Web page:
Last year, Gradle decided to start using Kotlin to writing Gradle build scripts creating, what they call, Gradle Kotlin Script. The project is moving fast (0.9.0 version at the time of writing this article) but, on the other hand, there is practically no documentation.

So, I want to show you how to use Gradle Kotlin Script to create Gradle build scripts written in Kotlin in one Android project.

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Tutorials ▶ Language ▶ Kotlin
Kotlin

First class support throughout

Hardcore Android developers have been aware Koltin could be used alongside Java for some time, but many have been held back by the lack of official support. That ended at Google I/O 2017, when it was announced it will now be fuly supported from Android Studio 3.0 onwards, and that's right through from the IDE syntax checkers to the Gradle build system and beyond.

How has Kotlin been implemented on Android?

Since Android is powered at it's heart by a JVM, that's Java Virtual Machine, in theory, anything which can create the bytecode it expects can be used to run software on it. Koltin is such a beast, and AS 3.0 now has the toolchain needed to generate it. So it's a hat tip to the designers of the original JVM for creating a system with such longevity.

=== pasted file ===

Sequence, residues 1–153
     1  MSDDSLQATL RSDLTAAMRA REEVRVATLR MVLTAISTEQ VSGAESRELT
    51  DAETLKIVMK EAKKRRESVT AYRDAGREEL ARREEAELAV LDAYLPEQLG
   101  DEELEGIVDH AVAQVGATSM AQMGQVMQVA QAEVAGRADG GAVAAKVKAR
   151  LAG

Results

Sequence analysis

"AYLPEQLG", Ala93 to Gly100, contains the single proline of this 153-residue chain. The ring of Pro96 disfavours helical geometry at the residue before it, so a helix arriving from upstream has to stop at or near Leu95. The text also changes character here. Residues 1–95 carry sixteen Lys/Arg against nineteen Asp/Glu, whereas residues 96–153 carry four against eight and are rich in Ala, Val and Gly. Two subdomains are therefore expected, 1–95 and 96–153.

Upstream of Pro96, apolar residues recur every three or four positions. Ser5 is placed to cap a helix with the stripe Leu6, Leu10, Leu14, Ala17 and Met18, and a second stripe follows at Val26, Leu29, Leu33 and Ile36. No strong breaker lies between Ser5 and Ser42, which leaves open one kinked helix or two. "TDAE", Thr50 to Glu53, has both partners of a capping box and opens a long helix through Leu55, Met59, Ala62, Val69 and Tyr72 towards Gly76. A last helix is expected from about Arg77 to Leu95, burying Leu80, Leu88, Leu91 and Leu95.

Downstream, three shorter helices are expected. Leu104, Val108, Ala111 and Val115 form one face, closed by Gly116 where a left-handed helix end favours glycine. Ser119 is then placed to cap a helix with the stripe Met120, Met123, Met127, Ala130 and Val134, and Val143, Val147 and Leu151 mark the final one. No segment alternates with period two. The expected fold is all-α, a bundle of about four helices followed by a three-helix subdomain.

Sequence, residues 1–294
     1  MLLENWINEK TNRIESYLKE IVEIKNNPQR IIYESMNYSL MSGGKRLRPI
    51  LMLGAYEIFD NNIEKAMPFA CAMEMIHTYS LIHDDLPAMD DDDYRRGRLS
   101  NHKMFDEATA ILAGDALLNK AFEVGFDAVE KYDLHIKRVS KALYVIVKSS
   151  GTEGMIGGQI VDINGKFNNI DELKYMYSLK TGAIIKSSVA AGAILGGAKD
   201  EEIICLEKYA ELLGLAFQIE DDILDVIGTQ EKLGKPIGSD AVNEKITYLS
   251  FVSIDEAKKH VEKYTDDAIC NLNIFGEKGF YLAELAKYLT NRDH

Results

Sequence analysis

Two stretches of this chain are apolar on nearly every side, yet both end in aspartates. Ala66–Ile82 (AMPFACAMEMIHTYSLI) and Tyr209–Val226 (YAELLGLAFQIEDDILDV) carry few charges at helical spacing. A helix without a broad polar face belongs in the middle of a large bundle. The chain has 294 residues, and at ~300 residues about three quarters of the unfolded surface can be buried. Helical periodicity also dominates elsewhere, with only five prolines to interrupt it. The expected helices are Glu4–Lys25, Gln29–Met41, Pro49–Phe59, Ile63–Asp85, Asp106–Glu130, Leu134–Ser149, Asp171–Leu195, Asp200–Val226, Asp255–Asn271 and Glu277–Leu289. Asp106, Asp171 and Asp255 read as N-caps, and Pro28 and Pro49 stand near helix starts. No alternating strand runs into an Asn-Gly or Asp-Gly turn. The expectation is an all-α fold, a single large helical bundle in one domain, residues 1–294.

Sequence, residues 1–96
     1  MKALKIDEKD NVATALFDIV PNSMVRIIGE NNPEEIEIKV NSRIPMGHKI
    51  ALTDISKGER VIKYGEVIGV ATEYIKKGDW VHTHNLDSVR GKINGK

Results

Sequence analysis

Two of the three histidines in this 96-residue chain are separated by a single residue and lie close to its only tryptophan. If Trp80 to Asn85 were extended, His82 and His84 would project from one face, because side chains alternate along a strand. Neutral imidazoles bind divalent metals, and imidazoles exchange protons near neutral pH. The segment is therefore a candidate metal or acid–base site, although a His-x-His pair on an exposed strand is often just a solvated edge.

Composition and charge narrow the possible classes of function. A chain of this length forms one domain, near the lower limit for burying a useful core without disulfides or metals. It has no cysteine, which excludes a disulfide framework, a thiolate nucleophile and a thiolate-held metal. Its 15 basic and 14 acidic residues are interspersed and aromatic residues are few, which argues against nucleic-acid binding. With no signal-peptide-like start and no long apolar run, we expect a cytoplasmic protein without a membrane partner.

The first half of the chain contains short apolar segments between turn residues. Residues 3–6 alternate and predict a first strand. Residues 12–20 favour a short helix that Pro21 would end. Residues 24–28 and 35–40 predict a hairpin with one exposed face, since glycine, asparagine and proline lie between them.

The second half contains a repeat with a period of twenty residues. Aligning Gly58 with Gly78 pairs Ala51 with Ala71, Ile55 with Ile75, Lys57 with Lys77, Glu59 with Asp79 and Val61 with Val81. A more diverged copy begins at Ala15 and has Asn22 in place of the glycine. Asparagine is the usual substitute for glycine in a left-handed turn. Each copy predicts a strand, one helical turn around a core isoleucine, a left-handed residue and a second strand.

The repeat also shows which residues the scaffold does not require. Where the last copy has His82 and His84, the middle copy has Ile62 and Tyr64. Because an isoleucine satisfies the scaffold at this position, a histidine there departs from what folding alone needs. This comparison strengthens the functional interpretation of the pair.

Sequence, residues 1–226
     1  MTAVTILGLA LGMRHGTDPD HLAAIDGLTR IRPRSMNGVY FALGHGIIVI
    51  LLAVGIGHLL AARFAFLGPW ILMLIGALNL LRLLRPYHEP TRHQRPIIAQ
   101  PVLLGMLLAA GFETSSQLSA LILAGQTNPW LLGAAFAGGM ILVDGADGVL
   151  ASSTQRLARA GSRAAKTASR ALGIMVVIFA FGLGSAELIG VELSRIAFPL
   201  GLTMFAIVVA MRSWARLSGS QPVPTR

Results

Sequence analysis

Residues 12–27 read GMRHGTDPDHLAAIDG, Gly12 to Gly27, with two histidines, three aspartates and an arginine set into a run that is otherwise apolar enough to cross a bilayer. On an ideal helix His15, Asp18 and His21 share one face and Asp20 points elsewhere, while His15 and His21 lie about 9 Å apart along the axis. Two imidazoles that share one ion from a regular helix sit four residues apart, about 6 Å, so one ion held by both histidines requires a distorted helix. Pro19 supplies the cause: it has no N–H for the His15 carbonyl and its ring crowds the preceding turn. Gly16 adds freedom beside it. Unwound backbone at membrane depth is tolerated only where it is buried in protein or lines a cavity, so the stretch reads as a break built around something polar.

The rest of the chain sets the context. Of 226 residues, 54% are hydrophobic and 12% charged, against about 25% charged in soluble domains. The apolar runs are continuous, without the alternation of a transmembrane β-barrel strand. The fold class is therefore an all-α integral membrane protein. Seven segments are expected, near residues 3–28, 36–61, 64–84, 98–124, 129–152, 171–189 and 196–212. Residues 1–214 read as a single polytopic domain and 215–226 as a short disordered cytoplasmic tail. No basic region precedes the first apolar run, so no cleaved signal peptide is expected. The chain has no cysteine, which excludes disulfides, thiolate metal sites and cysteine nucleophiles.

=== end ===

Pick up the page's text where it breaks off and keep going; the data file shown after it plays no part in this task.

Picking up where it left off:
Uniquely, Kotlin is not an "all or nothing" swap in for Java, the way other languages would be (or at least not without a few very complicated hoops to jump through). It actually sits side by side in the source tree and is even interoperable with Java, so it can call Java methods directly and vice-versa. Migrating existing projects over just lost what is traditionally the largest hurdle they face.

Tutorials ▶ Security
Fingerprint authentication

Place your fingertip on the fingerprint reader

There are a number of ways to authenticate a user to access an application, or a certain feature within an application, such as checkout, and fingerprint is one of them. For this post instead of going through the code step by step, i have added in-code comments, and will be letting the code speak for itself.

First things first, the permission.

The good thing is that we do not need to ask for this permission at runtime.

This project only has one activity, the MainActivity. Lets take a look at the code.

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Tutorials ▶ UI ▶ Animation
Spring

SpringAnimation with examples

Have you ever wanted to do a bouncy animation like one of these on Android? If you have, you’re in for a treat!

Dynamic-animation is a new module introduced in revision 25.3.0 of the Android Support Library. It provides a small set of classes for making realistic physics-based view animations.

You might say “whatever, I’m just gonna slap a BounceInterpolator or an OvershootInterpolator on my animation and be good”Well, in reality these two often don’t look that great. Of course, you could always write your own interpolator or implement a whole custom animation – but now there’s a much easier way.